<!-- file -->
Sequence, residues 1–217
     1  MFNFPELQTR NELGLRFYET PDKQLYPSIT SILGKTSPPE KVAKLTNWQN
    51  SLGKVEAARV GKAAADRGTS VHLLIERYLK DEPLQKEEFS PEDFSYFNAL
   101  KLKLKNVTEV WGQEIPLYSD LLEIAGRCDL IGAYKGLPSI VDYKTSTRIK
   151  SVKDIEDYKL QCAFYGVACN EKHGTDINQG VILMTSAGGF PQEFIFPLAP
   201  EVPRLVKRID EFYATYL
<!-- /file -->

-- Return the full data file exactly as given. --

Sequence, residues 1–217
     1  MFNFPELQTR NELGLRFYET PDKQLYPSIT SILGKTSPPE KVAKLTNWQN
    51  SLGKVEAARV GKAAADRGTS VHLLIERYLK DEPLQKEEFS PEDFSYFNAL
   101  KLKLKNVTEV WGQEIPLYSD LLEIAGRCDL IGAYKGLPSI VDYKTSTRIK
   151  SVKDIEDYKL QCAFYGVACN EKHGTDINQG VILMTSAGGF PQEFIFPLAP
   201  EVPRLVKRID EFYATYL